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From New Hollywood to new media, Roger Ebert has seen it all

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“Our chemistry was real, our opinions were important to us, we were deeply competitive, we knew what we were talking about,’’ says Roger Ebert of “At the Movies,’’ which he cohosted with fellow movie critic Gene Siskel.

At 69, veteran film critic Roger Ebert has seen it all and seen them all: tens of thousands of movies, 35 years of thumbs up/thumbs downs on TV, a writing credit on Russ Meyer’s 1970 camp classic “Beyond the Valley of the Dolls,’’ and, more recently, a much-publicized struggle with cancer and attendant surgeries. Having lost the use of his physical voice, Ebert’s more eloquent than ever in his movie reviews, blog entries, disarmingly personal online journal (blogs.suntimes.com/ebert/), and new memoir, “Life Itself’’ (Grand Central). He took the time this week to play Q&A by e-mail.

Q. Newspapers are laying off their arts staff, the online user comment is king. Does film criticism have a future?

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A. Paying jobs are in short supply, but actually I think we’re in a Golden Age of film criticism right now, because of the astonishing talent that has developed online. There are no length limitations, and many movie sites produce work of a standard that was rare years ago. The fact that it is done for love, not money, may have something to do with it.

Jason Merritt/Getty Images

Roger Ebert.

Q. While we’re on the subject, do “movies’’ as we’ve known and loved them for 100 years have a future in a world of hand-helds and downloading and multiple media entry points?

A. Yes. A good movie is still good. What’s changing is the array of delivery systems. I value movie theaters, but I believe streaming sites such as Netflix and Fandor are invaluable in finding films no matter where you are.

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Q. I had no idea you almost became a priest (if your mother had had her way, at least). Do the skill sets of the clergy and a film critic have any overlap? An ability to distinguish between venial and mortal sins, perhaps?

A. That’s intriguing. I feel certain films are almost a form of shared prayer by director and audience. And it is good for both clerics and critics to remember with Paul, “And now abideth faith, hope, charity, these three; but the greatest of these is charity.’’ Critics also need a lot of faith and hope.

Q. You began your film reviewing career in 1967, a watershed year for the New Hollywood. Did you have any idea how lucky you were? What was the first film to really challenge you as a writer and a moviegoer?

A. “Persona.’’ I didn’t think I understood it. I eventually figured out it was exactly what it seems to be. That was also the year of the first Scorsese film. The 1970s were an incredible decade.

Q. What was the last film to really challenge you as a writer and a moviegoer?

A. “The Tree of Life,’’ and before that, “Synecdoche, New York.’’ They were both about the entire arcs of human life.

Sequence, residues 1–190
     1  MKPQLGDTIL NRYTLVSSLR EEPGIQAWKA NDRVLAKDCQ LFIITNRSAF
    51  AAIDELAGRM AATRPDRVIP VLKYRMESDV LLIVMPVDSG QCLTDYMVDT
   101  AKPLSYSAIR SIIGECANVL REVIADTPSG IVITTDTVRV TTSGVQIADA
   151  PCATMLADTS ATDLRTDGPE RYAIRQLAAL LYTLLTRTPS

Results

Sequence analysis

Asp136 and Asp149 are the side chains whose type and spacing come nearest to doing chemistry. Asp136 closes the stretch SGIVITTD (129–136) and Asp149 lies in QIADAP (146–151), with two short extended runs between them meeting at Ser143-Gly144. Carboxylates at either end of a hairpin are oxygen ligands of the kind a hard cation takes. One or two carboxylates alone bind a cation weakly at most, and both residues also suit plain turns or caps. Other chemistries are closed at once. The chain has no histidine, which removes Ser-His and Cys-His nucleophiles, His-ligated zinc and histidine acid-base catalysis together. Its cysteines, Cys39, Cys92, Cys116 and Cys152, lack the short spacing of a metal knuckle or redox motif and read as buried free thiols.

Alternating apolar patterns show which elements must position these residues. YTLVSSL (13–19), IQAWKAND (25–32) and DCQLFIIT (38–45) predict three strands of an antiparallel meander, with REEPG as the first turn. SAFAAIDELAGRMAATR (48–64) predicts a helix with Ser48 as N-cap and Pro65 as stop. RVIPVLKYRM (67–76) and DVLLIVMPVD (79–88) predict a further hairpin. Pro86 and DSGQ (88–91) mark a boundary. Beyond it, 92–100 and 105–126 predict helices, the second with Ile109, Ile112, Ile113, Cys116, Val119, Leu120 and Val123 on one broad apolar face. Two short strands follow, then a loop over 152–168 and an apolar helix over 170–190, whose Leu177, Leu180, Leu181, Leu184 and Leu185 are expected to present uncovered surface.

Q. If Gene Siskel hadn’t existed, would “At the Movies’’ have made it? Two schlumpy newspaper guys talking about cinema - it doesn’t sound like a grabber.

A. I think it needed us both. Our chemistry was real, our opinions were important to us, we were deeply competitive, we knew what we were talking about, and I think our schlumpiness helped. Harry Dean Stanton said he called his pal Jack Nicholson and said, “Jack, turn on your TV. There are two guys talking about the movies, and they don’t look like anyone on television.’’

Q. Have your health issues and surgeries affected your outlook on movies? Your reviews definitely give the sense that you’re taking the longer view of life and art. But have you become a “nicer’’ critic?

A. Maybe. I dislike hurting people unless it’s deserved. I don’t do it just to be clever. I think most people grow nicer as they grow older and accumulate experience. If you’re still a snarky fanboy at 40, something has gone wrong.

Q. Some people watch comedies after coming through a traumatic experience such as cancer. You went back to Ingmar Bergman. Why?

A. He touched on eternal subjects at a time in my life when I wasn’t laughing much. He nourished the parts that comedies didn’t reach.

Q. In childhood, you had the good fortune to see the first commercial 3-D feature, “Bwana Devil.’’ Now we’re arguably on the downside of the third attempt to commercially establish the technology. Will 3-D ever really happen and, more to the point, should it? (Also, how does “Bwana Devil’’ compare to “The Last Airbender?’’)

A. Well, “Bwana Devil’’ was never intended as anything other than a gimmick, and at the age of 9 I enjoyed having spears thrown at me. I feel 3-D is dying because often it’s merely a distraction, and certainly not worth paying a surcharge over a brighter, clearer 2-D picture. Have you ever heard a kid say, “Gee, I wish that had been in 3-D!’’

Q. Confession time: What’s your guiltiest moviegoing pleasure? The single least defensible film you love.

A. What would happen if I said “Beyond the Valley of the Dolls’’?

Ty Burr can be reached at tburr@globe.com. Follow him on Twitter @tyburr.
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